The migration of people around the globe for work comes down to this: Wealthy nations with aging populations need workers and people in poor countries need jobs.
Worldwide millions of people are on the move – doing jobs ranging from harvesting apples to computer programming. The combined number people who have migrated for work would equal the population of world’s fifth most populous nation.
According to United Nations estimates that there are 214 million migrants worldwide, an increase of about 37% in past 20 years. The number of migrants has grown 41% in Europe and 80% in North America in the past two decades.
The number of migrants crossing national borders searching for employment and security is expected to increase rapidly in the coming decades due to the failure of globalization to provide jobs.
“There’s more mobility at this moment than at any time in world history,” Gary P. Freeman, a University of Texas political scientist, told The New York Times.
Isse Yusuf migrated within Somalia to find work.
A recent Gallup poll found that roughly 630 million of the world’s adults, about 14% of the global population would migrate to another nation if given the chance.
About 48 million said they were planning to leave their home countries in the next 12 months. The same poll found that a still significant number of people, 19 million, are actually taking necessary steps such as applying for visas or residency and purchasing tickets.
Even the worst global economy in 70 years has only slowed, not stopped, the growth in human migration. And there’s little likelihood employment-related migration will slow in the future.
Recent events in the Arab world and in Africa are likely to boost the number of people on the move for both work and security.
According to Gallup’s research, which was conducted prior to the ouster of dictatorial leaders in Libya and Egypt, people in the Middle East and North Africa were the most likely worldwide to say they planned to leave their countries permanently in the next 12 months.
More than one in five adults, 21%, in the Middle East and North Africa overall said they would migrate permanently to another country if they had the chance, and one in six told Gallup pollsters said they were planning to move in the near future.
The workers that countries would most like to retain or attract — those with high levels of education, professional workers — are the most likely to be making preparations to migrate, according to Gallup.
But a great many migrating workers are the young, unskilled or desperate and modern communication and transportation makes it more likely they will indeed move abroad to find work.
Most people migrating for work never cross national borders.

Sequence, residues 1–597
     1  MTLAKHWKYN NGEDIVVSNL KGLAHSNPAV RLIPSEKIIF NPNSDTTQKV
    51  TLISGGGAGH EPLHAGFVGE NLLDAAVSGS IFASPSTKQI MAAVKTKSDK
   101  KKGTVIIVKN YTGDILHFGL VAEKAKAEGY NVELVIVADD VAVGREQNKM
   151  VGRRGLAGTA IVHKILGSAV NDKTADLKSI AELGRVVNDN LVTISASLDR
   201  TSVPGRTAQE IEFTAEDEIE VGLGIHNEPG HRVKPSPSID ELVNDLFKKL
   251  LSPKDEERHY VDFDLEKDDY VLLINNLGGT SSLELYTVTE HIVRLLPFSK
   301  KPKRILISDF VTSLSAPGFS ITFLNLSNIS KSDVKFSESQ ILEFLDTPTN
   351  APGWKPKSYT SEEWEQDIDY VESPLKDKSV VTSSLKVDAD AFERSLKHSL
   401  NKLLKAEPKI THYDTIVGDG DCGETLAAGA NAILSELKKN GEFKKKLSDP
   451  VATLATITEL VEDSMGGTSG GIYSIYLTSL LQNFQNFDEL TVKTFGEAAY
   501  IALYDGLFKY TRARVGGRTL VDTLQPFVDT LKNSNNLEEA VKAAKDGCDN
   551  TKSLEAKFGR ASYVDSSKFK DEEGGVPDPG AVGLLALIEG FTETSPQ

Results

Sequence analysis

Workers who do migrate across borders usually move to nearby nations, like from Mexico to the United States or Turkey to Germany. The largest flow of migrants, 74 million, is from one developing country to another, as from the Philippines to Saudi Arabia or from Nicaragua to Costa Rica.
About 60% of the world’s migrants live in developed nations, making migrants 10% of developed country residents.
The countries with the most migrants are the United States, with 43 million in 2010; Russia with 12 million and Germany with 11 million. Saudi Arabia, Canada, and France have about 7 million migrant workers each. These six countries included 87 million migrants, or 40% of the total.
Countries with the per capita highest share of migrants were mostly Arab Gulf state oil exporters such as Qatar, where over 85% of residents were migrants, and the UAE and Kuwait, with 70% migrants.
Arab Gulf oil nations their revenues during the past four decades to develop new cities and provide shave services to nationals, but have few local workers, especially local women, in their labor forces. Many of these nations have recently embarked on campaigns to hire locals, especially in technical and professional jobs to prevent them from migrating to find meaningful employment.
The global economic impact of migrant workers is crucial to the well-being of millions around the world.
Remittances from migrant workers sent to developing nations totaled $325 billion in 2010, more than official development aid
India received $55 billion in remittances in 2010; China, $51 billion; Mexico, $23 billion and the Philippines, $21 billion. In a diverse group of countries remittances from workers abroad comprise the largest share of the economy, including ex-USSR countries whose Soviet industries collapsed, such as Tajikistan and Moldova as well as island nations such as Tonga and Samoa. Several Central American countries with large number sof expatriates in the United States, such as Honduras and El Salvador.